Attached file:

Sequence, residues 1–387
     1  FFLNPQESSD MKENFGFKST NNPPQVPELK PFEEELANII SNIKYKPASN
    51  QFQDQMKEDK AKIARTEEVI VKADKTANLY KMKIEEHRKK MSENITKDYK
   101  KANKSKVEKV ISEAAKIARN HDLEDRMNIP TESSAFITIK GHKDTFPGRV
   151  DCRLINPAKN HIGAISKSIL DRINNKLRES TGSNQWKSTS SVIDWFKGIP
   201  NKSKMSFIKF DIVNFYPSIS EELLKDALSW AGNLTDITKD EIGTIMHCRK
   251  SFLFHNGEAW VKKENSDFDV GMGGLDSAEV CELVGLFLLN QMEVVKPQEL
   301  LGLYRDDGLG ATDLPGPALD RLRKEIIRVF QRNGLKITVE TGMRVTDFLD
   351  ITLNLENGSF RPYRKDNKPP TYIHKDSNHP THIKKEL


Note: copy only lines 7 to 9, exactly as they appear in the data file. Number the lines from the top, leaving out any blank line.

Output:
   251  SFLFHNGEAW VKKENSDFDV GMGGLDSAEV CELVGLFLLN QMEVVKPQEL
   301  LGLYRDDGLG ATDLPGPALD RLRKEIIRVF QRNGLKITVE TGMRVTDFLD
   351  ITLNLENGSF RPYRKDNKPP TYIHKDSNHP THIKKEL